Palestrina, Missa Papae Marcelli.
This is a slim volume of essays about book ownership, book reading and book buying. It’s nicely written and quite amusing. For example, there is the story of how the author merged her library with her husband’s. They had been married some number of years, and having made all of the other commitments to joint life had just this last hurdle.
Fadiman is more of a fan of marginalia than I am, and is also quite scathing about people who strive too hard to keep their books virginally clean and undamaged. She admits that her like-minded friends have a number of books that aren’t much longer for this world, so she’s not too one-eyed. In general, this is a very pleasant read.
This is the fifth volume of the six volume set. It’s actually a collection of three short stories: The third man, The fallen idol and Loser takes all. The first two were also made into films. (In fact, Greene wrote The third man knowing that it was for a film project, so it’s functionally a very dressed up screen-play. As he describes in the little preface to this, some details were changed in the making of the film, but apparently nothing very substantial.) I’ve not seen the film of The third man, but I know it features Orson Welles and is supposed to be a real classic. The story is certainly good enough to be the basis for a great film.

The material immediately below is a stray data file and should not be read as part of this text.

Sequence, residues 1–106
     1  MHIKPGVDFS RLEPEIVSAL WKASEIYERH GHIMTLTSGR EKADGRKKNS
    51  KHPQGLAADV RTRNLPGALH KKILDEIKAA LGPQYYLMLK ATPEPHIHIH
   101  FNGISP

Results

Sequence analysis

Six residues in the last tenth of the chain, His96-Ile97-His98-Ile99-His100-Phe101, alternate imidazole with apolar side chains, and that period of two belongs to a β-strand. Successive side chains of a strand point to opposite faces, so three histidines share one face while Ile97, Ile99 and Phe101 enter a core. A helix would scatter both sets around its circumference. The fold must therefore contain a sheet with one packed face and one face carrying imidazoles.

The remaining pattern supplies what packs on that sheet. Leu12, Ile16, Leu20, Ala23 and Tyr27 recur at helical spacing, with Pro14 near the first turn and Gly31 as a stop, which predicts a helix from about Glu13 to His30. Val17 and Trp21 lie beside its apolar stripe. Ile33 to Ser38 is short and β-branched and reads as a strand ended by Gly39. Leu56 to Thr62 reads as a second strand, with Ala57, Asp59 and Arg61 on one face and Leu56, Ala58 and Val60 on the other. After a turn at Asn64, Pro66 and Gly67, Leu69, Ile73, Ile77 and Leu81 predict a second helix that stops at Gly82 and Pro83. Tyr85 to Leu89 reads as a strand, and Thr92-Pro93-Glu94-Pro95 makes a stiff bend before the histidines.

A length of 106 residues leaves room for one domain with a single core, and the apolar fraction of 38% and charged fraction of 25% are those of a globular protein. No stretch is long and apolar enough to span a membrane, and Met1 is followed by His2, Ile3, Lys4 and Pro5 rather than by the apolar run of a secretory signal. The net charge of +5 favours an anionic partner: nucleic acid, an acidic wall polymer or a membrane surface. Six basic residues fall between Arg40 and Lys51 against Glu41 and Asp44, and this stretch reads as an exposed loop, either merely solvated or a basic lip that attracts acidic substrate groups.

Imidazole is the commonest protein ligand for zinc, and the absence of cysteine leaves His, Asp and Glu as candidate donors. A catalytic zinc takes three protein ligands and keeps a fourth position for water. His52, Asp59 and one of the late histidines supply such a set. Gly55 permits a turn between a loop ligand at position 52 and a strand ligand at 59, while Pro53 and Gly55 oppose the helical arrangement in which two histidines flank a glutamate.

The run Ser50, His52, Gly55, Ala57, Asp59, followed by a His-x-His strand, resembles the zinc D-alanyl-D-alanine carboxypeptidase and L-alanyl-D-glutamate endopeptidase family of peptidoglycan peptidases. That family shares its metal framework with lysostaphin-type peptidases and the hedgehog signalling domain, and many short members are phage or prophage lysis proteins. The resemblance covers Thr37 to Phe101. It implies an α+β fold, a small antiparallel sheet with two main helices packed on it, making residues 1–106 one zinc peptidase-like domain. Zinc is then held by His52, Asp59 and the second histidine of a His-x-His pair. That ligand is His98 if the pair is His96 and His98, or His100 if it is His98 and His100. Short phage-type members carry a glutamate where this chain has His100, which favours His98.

The fallen idol is the shortest of the three stories, and is a psychological drama about a little boy caught up in a domestic drama involving the butler of his house and the butler’s wife. It’s a very well-crafted short story with a definite bite to it.
Loser takes all is much more conventional than the other two stories. It’s cute enough, but features someone devising a system to beat the casino at Monaco, which irritated me, and has rather an anodyne happy ending. The twists and turns of the plot are well done.
Louis de Bernières, Captain Corelli’s Mandolin. Another book that’s been made into a film. Apparently this adaptation is a real dud though (the FT’s review; from the Daily Telegraph and the Guardian). It’s on at the moment in Cambridge, but I have no plans to go and see it.